Start by identifying the types of outlets you have in your home, and then decide if you should take temporary or permanent measures to make your outlets safe. Permanent measures may include replacing regular stores with such designed to prevent electrical damage, such as AFRC (Arc Fault Circuit Interrupter) or GFIC (Ground-Fault Circuit Interrupter) sockets. AFRC sockets are designed to prevent dangerous arcs in your electricity, where the GFIC sockets monitor the electrical current moving through a circuit and turn off the power when needed.
More temporary solutions to electrical outlet hazards include the use of plastic outlet covers, outlet boxes or self-closing outlet lids, all of which can be used to prevent children from accessing the hazardous electricity behind panels.
Keep in mind that sockets are not the only electrical items that need attention to protect your family. Extension cords, sockets, and even the plugs themselves should all be treated as part of this safety practice. Simple fixes such as taping down cables, installing a power strip and keeping most electrical items plugged out of the reach of children and pets can go a long way in keeping everyone safe.
4. Avoid overloading outlets
One of the most common and dangerous mistakes homeowners make when it comes to electricity is overload. Although the average socket is designed to handle 15 to 20 amperes of power, many people find that they connect multiple high-power items to the same socket without ever considering its maximum capacity.
In fact, the invention of surge protectors and extension cords has made it easier than ever for homeowners to dismiss the best practices of outlets and simply overload their outlets for convenience. Although common, this measure is in itself considered to be the most common cause of electrical fires.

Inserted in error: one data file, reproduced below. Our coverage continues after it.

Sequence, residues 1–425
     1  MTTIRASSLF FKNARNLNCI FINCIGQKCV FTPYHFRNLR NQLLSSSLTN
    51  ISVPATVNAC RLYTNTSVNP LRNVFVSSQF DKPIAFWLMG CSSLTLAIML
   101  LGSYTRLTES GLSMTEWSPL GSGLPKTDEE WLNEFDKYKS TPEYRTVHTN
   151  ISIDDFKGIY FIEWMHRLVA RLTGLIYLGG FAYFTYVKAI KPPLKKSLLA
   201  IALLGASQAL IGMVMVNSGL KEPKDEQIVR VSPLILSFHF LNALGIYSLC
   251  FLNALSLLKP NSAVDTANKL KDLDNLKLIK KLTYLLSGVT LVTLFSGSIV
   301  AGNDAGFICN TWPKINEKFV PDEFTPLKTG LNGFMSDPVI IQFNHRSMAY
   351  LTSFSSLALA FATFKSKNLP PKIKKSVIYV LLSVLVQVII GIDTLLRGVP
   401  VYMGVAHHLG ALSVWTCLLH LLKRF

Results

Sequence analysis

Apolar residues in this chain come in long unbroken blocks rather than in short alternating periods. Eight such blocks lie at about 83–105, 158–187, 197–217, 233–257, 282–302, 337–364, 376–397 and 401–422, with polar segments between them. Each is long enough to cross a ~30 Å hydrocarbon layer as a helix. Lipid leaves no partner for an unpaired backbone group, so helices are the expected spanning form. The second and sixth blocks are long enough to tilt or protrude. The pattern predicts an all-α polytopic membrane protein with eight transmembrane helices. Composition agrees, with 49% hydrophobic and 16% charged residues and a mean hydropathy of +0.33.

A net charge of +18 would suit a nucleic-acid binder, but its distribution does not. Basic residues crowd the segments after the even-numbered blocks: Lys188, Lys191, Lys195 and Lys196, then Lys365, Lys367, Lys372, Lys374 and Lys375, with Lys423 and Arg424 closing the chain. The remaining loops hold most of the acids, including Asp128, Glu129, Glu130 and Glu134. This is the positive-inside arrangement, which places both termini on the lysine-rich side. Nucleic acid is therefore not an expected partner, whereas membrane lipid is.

It is especially important to avoid connecting high voltage items to the same outlet. Do a review of your home to find out which items are connected to each electrical outlet, then do some research to determine if the combined power level of these items exceeds the outlet limit. If so, you should rearrange some of your items, or at least disconnect items from that outlet when not in use to prevent excessive power in one place.
5. Do not be afraid to call in reinforcements
Homeowners often choose to take on home improvement projects on their own, but when it comes to electrical work, it is always safest to hire a professional. Electricians are extensively trained in the correct methods for dealing with the intricacies of electrical work and can provide important training on all the specific factors in your home that can make your electrical situation unique.
“It is imperative to remember that … if you are unfamiliar with or comfortable with electrical systems, have a qualified electrician assist you with any inspections, maintenance or electrical repair needs,” Eickholt emphasizes.
Electrical safety and your homeowners’ insurance
According to National Fire Protection Association, $ 1.4 billion a year in direct property damage is caused by electrical problems. Recovery from such a catastrophe, even if it is frightening, is much more manageable for those who are covered by a reputable homeowner’s insurance policy.
In the event of an accidental fire, your insurance company can provide the financing and support you need to help cover damages and get your property working again. Keep in mind that the high correlation between poor electrical systems and fire damage has led insurance companies to weigh the age and quality of a home’s wiring when deciding if it can be covered. Older homes with outdated systems such as knobs and pipelines may have more difficulty finding coverage in the standard market due to the increased risk of electric fires.
Stay safe with Central
At Central, we know that your home insurance is the safety net you never want to have to use. Follow these electrical safety tips to protect your home and family from electrical damage and, if the unexpected happens, make sure get in touch with your agent directly. We are always ready to help.
The post was originally published in September 2018 and has since been updated for clarity.